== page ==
Cybercrime does not discriminate by business size or industry. For a hacker to realise their ultimate goal – whether that be making money, stealing infrastructure, leveraging data to steal assets or boosting their ego – they want to find the easiest targets quickly.
Large corporations have the capacity, technology, processes and understanding to implement appropriate measures to mitigate cyber risk. For everyone else, it’s a different story.
Unfortunately, in the absence of board-level ownership of cybersecurity, mid-sized business is at a big disadvantage and exposed to greater risk. In 2017, one in four — roughly 25% — of small to medium businesses in Australia experienced cybercrime. That figure was up from the previous year and is likely rising.
When an attack occurs, every second counts. Our recent UK cybersecurity report notes that businesses with board-level buy-in and mechanisms in place — such as regular reviews, an incident response plan and a specific board member accountable for cybersecurity — have a reduced likelihood of and impact from cyberattacks.
Why target mid-sized business?
In truth, every business is a target, but mid-sized businesses are particularly vulnerable. According to our recent UK cyber security report: “They’re less likely to implement best-in-class cybersecurity than larger companies or to require their suppliers to do the same. Nevertheless, they have a level of resources that makes them an attractive target for criminals looking to extract a ransom, and a network of offices that makes fraud easier.” In essence, big businesses have deep pockets, but this also means more resources to defend themselves, notwithstanding their more complex environments and sometimes poor use of technology. Mid-sized businesses, on the other hand, are wealthy enough to be attractive but often lack an equal level of investment in detection, response and management controls.
The cost of cybersecurity complacency in Australia
Our recent UK cybersecurity report found that most businesses identify reputational loss, clean-up cost and management time as the biggest areas of expected impact from a cyberattack. It has certainly held true in a few globally known examples, such as Facebook’s Cambridge Analytica scandal and the ensuing $5 billion fine they received or the more recent hefty fines handed to Marriot Hotels and British Airways. The implications and cost of complacent cybersecurity can be vast and, often, very public. What has this looked like in Australia?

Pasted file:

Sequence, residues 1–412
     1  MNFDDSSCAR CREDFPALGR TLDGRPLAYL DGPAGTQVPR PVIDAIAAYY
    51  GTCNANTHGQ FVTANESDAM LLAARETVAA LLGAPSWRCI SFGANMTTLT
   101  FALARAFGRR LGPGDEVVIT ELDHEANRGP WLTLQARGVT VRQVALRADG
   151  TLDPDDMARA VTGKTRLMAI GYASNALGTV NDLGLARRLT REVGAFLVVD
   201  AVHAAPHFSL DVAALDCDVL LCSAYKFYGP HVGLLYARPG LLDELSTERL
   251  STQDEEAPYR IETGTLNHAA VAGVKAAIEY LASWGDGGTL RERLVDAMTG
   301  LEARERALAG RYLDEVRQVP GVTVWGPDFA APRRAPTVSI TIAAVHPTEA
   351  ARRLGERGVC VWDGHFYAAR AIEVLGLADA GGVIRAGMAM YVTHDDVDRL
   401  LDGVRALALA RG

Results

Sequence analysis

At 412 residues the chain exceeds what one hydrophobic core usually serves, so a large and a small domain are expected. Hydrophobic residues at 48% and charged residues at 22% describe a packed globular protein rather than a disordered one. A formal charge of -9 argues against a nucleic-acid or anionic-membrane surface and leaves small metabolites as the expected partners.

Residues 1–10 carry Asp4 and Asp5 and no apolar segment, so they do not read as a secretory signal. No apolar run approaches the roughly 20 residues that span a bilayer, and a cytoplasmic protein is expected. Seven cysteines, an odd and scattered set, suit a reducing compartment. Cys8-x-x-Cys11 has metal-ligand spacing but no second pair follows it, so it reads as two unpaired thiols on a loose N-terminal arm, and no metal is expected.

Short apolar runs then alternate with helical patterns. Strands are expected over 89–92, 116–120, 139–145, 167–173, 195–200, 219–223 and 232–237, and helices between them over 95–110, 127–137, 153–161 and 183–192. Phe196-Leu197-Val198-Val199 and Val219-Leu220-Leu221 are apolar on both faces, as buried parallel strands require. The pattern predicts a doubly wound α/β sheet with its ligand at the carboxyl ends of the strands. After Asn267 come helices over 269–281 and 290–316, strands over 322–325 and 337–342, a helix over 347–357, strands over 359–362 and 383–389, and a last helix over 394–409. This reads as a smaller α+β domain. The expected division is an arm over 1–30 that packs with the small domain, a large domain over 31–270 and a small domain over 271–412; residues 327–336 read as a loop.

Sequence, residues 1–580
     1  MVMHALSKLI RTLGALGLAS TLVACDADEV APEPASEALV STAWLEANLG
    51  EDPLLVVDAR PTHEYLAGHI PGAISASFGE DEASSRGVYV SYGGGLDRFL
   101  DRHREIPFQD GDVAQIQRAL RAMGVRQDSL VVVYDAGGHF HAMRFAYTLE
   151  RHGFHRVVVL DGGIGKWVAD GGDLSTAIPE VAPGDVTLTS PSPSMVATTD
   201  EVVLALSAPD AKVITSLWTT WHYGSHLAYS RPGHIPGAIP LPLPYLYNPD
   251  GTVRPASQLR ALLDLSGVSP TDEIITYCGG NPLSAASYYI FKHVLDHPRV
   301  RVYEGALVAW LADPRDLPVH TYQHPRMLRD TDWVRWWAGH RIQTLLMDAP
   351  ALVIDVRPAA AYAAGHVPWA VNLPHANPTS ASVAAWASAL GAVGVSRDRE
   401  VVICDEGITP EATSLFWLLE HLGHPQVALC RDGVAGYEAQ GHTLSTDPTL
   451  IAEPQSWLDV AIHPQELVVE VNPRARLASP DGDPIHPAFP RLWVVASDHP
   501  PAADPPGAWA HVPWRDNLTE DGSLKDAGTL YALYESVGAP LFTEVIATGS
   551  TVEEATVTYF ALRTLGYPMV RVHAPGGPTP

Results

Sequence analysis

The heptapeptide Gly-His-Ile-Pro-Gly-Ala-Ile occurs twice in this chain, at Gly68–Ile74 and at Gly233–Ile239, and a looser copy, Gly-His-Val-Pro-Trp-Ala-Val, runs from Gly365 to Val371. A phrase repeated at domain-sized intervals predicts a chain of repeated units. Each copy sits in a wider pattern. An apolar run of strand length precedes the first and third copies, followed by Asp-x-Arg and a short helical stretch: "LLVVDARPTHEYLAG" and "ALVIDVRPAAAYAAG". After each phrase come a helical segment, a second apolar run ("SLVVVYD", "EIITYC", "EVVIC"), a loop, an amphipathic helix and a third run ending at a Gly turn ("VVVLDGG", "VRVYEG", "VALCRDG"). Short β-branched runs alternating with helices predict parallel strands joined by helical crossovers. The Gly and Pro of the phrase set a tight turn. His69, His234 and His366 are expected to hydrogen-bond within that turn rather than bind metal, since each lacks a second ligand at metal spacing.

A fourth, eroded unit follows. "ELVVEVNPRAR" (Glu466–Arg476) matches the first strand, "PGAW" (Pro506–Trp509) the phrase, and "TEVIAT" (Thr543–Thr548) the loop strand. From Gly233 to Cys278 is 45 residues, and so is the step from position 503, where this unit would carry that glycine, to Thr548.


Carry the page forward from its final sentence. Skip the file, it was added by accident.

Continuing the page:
LandMark White is Australia’s largest independent property valuation and consulting firm that holds a 20 per cent share of the residential market and is the only ASX listed property valuer. In January 2019, they experienced a data breach that resulted in 100,000 of their home loan customer’s details being leaked on the dark web. The fallout and backlash from this incident were enormous and ultimately resulted in a loss of $6 million in revenue as a result of customers, including big banks, suspending business with them. LandMark White voluntarily suspended trading in mid-February.
Six weeks after it was reinstated on the ASX, a second data breach occurred in May where 76,000 files, which were a subset of the original dataset, leaked on the dark web. Though it contained no new information, the reputational damage was huge.
Both events significantly distracted the management team and demonstrated underinvestment in baseline controls. The company is currently trying to raise funding to restructure the business and concurrently implementing Australian Cyber Security Centre’s Essential Eight.
Another more recent example occurred in July 2019 when National Australia Bank (NAB) experienced a data breach as a result of human error. The personal information of 13,000 customers, which included name, date of birth, contact details and government identifying numbers, was uploaded without authorisation to the servers of two data service companies.
The scale of this breach is not as large but the cost and reputational damage are still significant. NAB offered to cover the cost of any documents that need to be reissued as well as pay for “independent, enhanced fraud detection identification services for affected customers”.
The cost and reputation implications of cybercrime can be devastating for any business. In light of these recent local examples, complacency is not an option.
If it hasn’t already, cybersecurity must be prioritised from being a simple back-of-house function. The board needs to understand their business risks and lead a cybersecurity strategy that protects their systems, clients and customers.
We can expect to see more legislation and regulation to protect data privacy as well as the even greater expectation from the community that their information is safe. And forgiveness will not be easily offered for preventable data breaches. It is time to get on the front foot.